Saturday 9 July 2011

Offline mapping for fieldwork? - Google Maps for Android

For many years now I have been using and advocating offline mapping software for fieldwork in technology enhance learning applications. This is software that does not rely on any internet connection and allows the user to add their own maps in GPS based applications. Why? Well there are many occasions that using a map in a remote location becomes an issue because there is no data connection. The reality is that if anything is going to hinder students learning, it's waiting for a map to load...

So I was very very pleased to find that 'Google Maps for Android' are now allowing several square mile sections of maps (as explained in this article) to be saved on your mobile device. At the moment I have no idea how well this will work, as its only just been released. But this is how it works for those interested in trying:
  • Update your Google Map to the latest version.
  • Open 'Maps' on your android device > press Menu > More > Labs (Labs are test area for applications Google are experimenting with) > Download map area
  • Once active simply click and hold in a central point of your chosen location
  • Open the icon that appears and select the bottom option 'Download map area'
  • It will show it is downloading and then a black square border will appear showing the area that is saved to your device. It should still show your map with both data and Wifi turned off!
Sadly it only downloads basic road maps, so no satellite maps available (but its a fantastic start!) Lets hope this trend moves onto the other mapping services such as the excellent educational sources provided by Edina. This could really help education for many science and technology based fieldwork locations here at Plymouth University!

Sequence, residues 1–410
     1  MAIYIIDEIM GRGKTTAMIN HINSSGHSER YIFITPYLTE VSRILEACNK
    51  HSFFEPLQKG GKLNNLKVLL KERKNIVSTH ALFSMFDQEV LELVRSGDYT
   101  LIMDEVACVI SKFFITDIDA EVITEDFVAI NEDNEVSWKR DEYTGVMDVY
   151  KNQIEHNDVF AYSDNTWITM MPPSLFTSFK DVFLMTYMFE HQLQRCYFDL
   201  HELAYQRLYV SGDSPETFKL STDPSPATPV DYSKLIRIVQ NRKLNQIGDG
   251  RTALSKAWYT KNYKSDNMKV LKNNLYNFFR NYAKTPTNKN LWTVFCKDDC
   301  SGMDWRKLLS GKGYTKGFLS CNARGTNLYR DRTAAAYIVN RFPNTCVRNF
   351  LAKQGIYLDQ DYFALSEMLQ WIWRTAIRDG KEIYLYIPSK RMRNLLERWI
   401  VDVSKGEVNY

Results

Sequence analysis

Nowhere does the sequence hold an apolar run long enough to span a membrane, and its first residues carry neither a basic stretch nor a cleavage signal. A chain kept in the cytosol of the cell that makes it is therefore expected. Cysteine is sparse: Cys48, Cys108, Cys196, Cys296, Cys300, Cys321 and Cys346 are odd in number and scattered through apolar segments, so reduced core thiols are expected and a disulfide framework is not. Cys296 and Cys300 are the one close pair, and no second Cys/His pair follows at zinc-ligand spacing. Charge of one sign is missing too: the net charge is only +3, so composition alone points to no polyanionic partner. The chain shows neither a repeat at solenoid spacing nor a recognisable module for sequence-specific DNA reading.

Google if you're listening, the ability to download satellite maps or even to use my maps (my spaces) with way-points etc included would be fantastic!

Friday 8 July 2011

Geospatial Focus Group

Today I attended the first Geospatial Focus Group here at Plymouth University. Anne Mather an Associate Professor (Reader) in Physical Geography, School of Geography, Earth and Environmental Sciences (Faculty of Science and Technology) came up with the idea to combine ideas, knowledge and data with a range of individuals both internal and external of the the Faculty. The topics ranged from the following (Plymouth University staff):

Tim Absalom (Geography, SoGEES). Digimap
Richard Hartley (Geography, SoGEES) Hardware and software available for collecting and manipulating Geospatial data in Geography.

GIS resources in teaching/research (with emphasis on the cheap and simple!):
Victor Abbott (Marine Science and Engineering) Hydrographic survey
Sarah Boulton (Geology, SoGEES) River Tools
Martin Stokes (Geology, SoGEES) Landserf
Anne Mather (Geography, SoGEES) Google Earth

Also included were guest presentations in the use of Geospatial data beyond education, both extremely interesting. Thank you to both speakers!:
Commander Andrew Swain (FOST HM), Devonport